iPhone 5S adds improved camera, 64-bit processor and fingerprint sensor, while iPhone 5S targets lower price points
Apple has announced its plans to release two versions of the iPhone – as expected, the new flagship iPhone 5S boasts a 64-bit processor, fingerprint sensor and new iSight camera, and the cheaper iPhone 5C, will target the midrange smartphone market.
It is the first time Apple has announced two smartphones at the same time and the company will retire the iPhone 5 completely. The previous practice of discounting the older model, as it has done previously, could jeopardise the new lower-cost C range. The Cupertino-based company said it decided to create two models so it could serve new customers, as it seeks to increase market share ceded to Android rivals.
The iPhone 5C will be available for pre-order in the UK from 13 September, with both smartphones available in stores a week later.
Power of 5S
The iPhone 5S is described by Apple as “the most forward thinking phone we’ve ever created”. It is powered by the 64-bit A7 processor, the first time such a chip has been included in a smartphone and Apple promises a “huge leap forward in mobile computing performance”.
The A7 claims to offers desktop-class architecture capable of double the CPU power of the iPhone 5 and 40 times that of the original iPhone. Apple has updated its own applications to be 64-bit, as well as the kernels and drivers, and has promised the transition to 64-bit will be easy for developers, citing the two hours needed by Infinity Blade-developer Epic Games as an example.
The eight megapixel iSight camera uses a 15 percent larger sensor to take multiple photos, of which the best is automatically selected, while a new burst mode takes 10 frames per second for action shots. A new slow-motion camera takes 120fps video, while two LED flashes and automatic imaging stabilisation allow for better shots.
The third major addition is a new touch ID fingerprint sensor called ‘Touch ID’that is built into the home button and should remove the need for pass codes to unlock the phone. The sensor is located in a stainless steel detection ring that can scan a fingerprint at 500 pixels per inch, so you don’t even need to push the button
The sensor can recognise multiple fingerprints, but these are not stored on Apple servers, easing security concerns somewhat. Other applications will not be able to use them, but the functionality is heavily built into iOS 7 and can be used to authenticate purchases on iTunes.
The 16GB variant will cost £549 without a contract, the 32GB £629, and the 64GB £709.
Analysts suggest the smartphone has met expectations. “Clearly there’s little need for gimmicks in the flagship 5S, in a launch replete with significant spec upgrades over and beyond the usual screen improvements, Apple is certainly offering meaningful innovation here,” commented Tony Cripps, principal device analyst at Ovum. “Moving to a 64-bit architecture means Apple can genuinely claim to have brought something new to the smartphone party.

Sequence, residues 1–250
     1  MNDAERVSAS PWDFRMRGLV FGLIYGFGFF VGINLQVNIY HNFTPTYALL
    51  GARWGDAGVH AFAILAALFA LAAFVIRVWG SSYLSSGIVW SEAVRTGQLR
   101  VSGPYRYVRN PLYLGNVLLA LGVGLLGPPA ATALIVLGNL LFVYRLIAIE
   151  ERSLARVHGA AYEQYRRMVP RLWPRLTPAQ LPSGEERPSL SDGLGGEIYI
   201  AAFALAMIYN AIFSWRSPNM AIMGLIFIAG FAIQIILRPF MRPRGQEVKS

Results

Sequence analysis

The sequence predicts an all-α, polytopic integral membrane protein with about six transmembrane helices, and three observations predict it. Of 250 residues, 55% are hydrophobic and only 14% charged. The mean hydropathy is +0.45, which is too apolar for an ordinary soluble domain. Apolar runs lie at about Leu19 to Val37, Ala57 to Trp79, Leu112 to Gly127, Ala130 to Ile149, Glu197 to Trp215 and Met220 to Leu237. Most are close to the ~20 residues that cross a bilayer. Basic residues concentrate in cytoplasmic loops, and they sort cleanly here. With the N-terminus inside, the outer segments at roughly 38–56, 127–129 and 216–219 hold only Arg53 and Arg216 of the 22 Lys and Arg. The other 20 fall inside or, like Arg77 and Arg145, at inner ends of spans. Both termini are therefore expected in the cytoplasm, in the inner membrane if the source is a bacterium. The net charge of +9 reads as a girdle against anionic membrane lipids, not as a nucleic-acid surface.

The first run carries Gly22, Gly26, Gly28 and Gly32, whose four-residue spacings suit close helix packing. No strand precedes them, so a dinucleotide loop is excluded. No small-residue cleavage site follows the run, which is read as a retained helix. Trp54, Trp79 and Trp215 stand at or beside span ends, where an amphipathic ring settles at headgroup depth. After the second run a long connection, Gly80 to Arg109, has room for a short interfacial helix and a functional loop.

“It should certainly help the company further cement its lead as a mobile gaming platform and will give the Android fraternity something to think about in a space whose significance is sometimes downplayed beyond the gaming world,” he said.
Apple also unveiled the cheaper iPhone 5C, a cheaper smartphone that marks a new change in strategy for the company. The colours of the handset were emphasised in Apple’s presentation and it will be available in green, yellow, blue, white and red from launch.
Sir Jonathan Ive claimed the smartphone is “beautifully, unapologetically plastic”, with its polycarbonate casing supported by a steel reinforced structure. It has a four inch retina display, is powered by an A6 chip. and boasts a better battery life than the iPhone 5.
It has an eight megapixel camera, a front-facing FaceTime HD camera and claims to support more LTE bands than any other smartphone in the world. It will retail without a contract in the UK for £469 for the 16GB version or £549 for the 32GB version, not as cheap as many were expecting, but analysts believe it could do well.
“Anyone expecting Apple to come truly down market with the iPhone 5C was fooling themselves. The day that happens is the day the company signals that it has run out of headroom for expansion. It’s far from ready to concede that yet, as its greater interest in Japan and China show,” said Cripps.
“It does though indicate an acceptance that the consumers in the upper reaches of the smartphone midmarket are increasingly looking to distinctive devices of their own, and are not happy to accept cast-offs or dumbed-down versions of former flagships,” he added.
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